Brilliant blue eyes, like the heart of a flame, claimed her. Stay with me, Livy mine. The soft brush of a kiss on her temple. Sleep. Dream. With me. She could not resist him. She never could. She let her head fall to his hard shoulder. Dark claimed her. And she dreamed of him.
Simon felt the moment Livy’s slim body yielded. His body registered in with a sigh of relief. Livy. Safe in his arms. The black, dark thing that only he understood took over. For once he was grateful for it and the surge of power that rushed like lust through his limbs, hot and strong. And then it all went wrong. Pain pierced his heart. Bemused, he looked down. The length of a black blade quivered from his chest, binding him to Livy. Her onyx eyes opened. Crimson blood poured from her lips even as she dissolved before him. NO! He could not scream. He was already air.
Frank’s throat burned. He kicked out, his feet sliding in something viscous. Son-of-a-bitch! Blindly he swung hard, desperate to hit anything. A hand grabbed his arm and wrenched it down. He registered the ice cold feel of it before a voice, low and soothing calmed him with unnerving efficiency. “Rise up, friend.”
He blinked, his eyes tearing up under the glare of blue-white fluorescent bulbs. A gaunt face half hidden by a heavy brown beard hovered before him. Some goddamn hippy junkie. But it was the eyes, deep-set and smudged with blue shadows, that got to him. Those weren’t the eyes that laughed at him while his guts where ripped from his body… Frank lurched upward, grabbing his middle. Bile surged within. But he was whole. His hands trembled over the flat, hairy expanse of his abdomen. Jesus. He shivered with sick dread. God, he hurt.
Frank swallowed hard, but a childlike sob escaped. Fuck. What the fuck had they done to him?
The man at his side spoke with gentle humor. “Seven lives left, Townsend. Tread carefully from now on. I can only stay death’s hand so far.”
“Shit, my heart only half-stopped that other time--” His head jerked up. He knew this man. Lazarus. Shit on a stick. His head spun wildly. He did not want to remember. “Sam?” he asked with numb lips. He’d felt her near, but now she was gone.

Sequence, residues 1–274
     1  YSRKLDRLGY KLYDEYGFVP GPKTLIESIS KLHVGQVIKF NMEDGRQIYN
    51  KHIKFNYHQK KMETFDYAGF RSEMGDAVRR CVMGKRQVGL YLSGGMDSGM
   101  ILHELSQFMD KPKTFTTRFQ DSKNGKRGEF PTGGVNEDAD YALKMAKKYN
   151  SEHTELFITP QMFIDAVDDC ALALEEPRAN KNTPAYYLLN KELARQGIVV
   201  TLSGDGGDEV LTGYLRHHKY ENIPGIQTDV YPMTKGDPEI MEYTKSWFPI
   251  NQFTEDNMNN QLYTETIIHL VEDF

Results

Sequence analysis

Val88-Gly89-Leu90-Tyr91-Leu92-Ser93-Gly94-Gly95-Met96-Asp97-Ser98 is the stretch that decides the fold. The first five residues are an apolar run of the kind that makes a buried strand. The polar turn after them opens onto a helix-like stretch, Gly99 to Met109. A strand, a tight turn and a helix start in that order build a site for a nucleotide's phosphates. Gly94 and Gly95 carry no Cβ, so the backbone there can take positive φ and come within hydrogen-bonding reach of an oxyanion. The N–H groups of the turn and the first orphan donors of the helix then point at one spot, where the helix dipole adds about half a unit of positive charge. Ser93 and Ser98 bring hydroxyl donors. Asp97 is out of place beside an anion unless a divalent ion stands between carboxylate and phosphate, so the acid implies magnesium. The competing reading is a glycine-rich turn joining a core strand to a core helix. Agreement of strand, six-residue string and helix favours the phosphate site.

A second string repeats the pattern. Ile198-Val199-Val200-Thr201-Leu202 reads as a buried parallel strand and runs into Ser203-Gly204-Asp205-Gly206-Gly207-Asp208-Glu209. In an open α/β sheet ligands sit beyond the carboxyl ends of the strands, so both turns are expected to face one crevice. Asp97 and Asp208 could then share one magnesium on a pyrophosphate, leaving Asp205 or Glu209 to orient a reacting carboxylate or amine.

Lazarus’s eyes smiled. “For that, we shall need Simon…” he trailed off going an impossible shade of white as he stared into nothingness. A terrible groan sounded, as though the building were falling in on itself. The cheap board ceiling began to shake, the windows rattling. Another groan came, louder this time. The hairs on Frank’s arms lifted. Something was coming.
“Good god,” Lazarus rasped. “It’s all gone wrong.”
Comfortably numb. Wasn’t that the song? Sam couldn’t agree more. She was warm from her head to her toes. Better than the best hotel bed money could by. This was an hour long hot stone massage. After hot sex bliss. If she never moved again, that’d be okay. Where was she, anyway? Wasn’t she supposed to… No, no, let’s not think about that. Frank always accused her of not being able to turn off her mind. Here was her chance…
Holy Hell! Awareness shot through her like adrenaline. Frank. She’d seen Frank on the floor. Blood and torn flesh. And that man with the blue eyes had pulled her under. For a moment, she thought she heard him screaming. It seemed sacrilegious for that kind of pain to ring in such a beautiful voice. He screamed again. Livy! Sam lurched up and the darkness around her shattered like glass, letting blinding white light pour in. Simon. Unexpected protectiveness welled up within her at the thought of the strange man. And Frank. They both needed her. Another thought gripped her as she fell hard on her knees. It was all wrong.
Choose wisely, for one way leads to certain death for one of these characters. While another might save them all.